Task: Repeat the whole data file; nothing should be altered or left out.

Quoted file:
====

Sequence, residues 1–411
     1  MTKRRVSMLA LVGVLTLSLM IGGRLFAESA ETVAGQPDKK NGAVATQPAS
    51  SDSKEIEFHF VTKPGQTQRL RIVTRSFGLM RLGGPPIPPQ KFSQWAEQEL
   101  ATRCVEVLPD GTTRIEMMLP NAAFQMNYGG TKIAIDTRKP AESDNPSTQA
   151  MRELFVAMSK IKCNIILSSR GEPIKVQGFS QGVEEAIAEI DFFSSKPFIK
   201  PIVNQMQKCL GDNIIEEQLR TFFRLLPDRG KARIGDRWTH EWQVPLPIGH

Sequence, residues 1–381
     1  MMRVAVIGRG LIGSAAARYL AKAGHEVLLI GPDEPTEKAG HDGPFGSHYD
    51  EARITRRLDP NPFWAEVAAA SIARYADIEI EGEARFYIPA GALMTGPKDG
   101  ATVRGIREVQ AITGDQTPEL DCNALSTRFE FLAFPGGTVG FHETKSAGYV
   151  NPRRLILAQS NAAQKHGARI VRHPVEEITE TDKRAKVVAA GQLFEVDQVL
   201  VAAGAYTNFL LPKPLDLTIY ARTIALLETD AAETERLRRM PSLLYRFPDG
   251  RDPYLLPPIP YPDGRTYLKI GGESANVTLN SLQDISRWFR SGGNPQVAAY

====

Sequence, residues 1–411
     1  MTKRRVSMLA LVGVLTLSLM IGGRLFAESA ETVAGQPDKK NGAVATQPAS
    51  SDSKEIEFHF VTKPGQTQRL RIVTRSFGLM RLGGPPIPPQ KFSQWAEQEL
   101  ATRCVEVLPD GTTRIEMMLP NAAFQMNYGG TKIAIDTRKP AESDNPSTQA
   151  MRELFVAMSK IKCNIILSSR GEPIKVQGFS QGVEEAIAEI DFFSSKPFIK
   201  PIVNQMQKCL GDNIIEEQLR TFFRLLPDRG KARIGDRWTH EWQVPLPIGH

Sequence, residues 1–381
     1  MMRVAVIGRG LIGSAAARYL AKAGHEVLLI GPDEPTEKAG HDGPFGSHYD
    51  EARITRRLDP NPFWAEVAAA SIARYADIEI EGEARFYIPA GALMTGPKDG
   101  ATVRGIREVQ AITGDQTPEL DCNALSTRFE FLAFPGGTVG FHETKSAGYV
   151  NPRRLILAQS NAAQKHGARI VRHPVEEITE TDKRAKVVAA GQLFEVDQVL
   201  VAAGAYTNFL LPKPLDLTIY ARTIALLETD AAETERLRRM PSLLYRFPDG
   251  RDPYLLPPIP YPDGRTYLKI GGESANVTLN SLQDISRWFR SGGNPQVAAY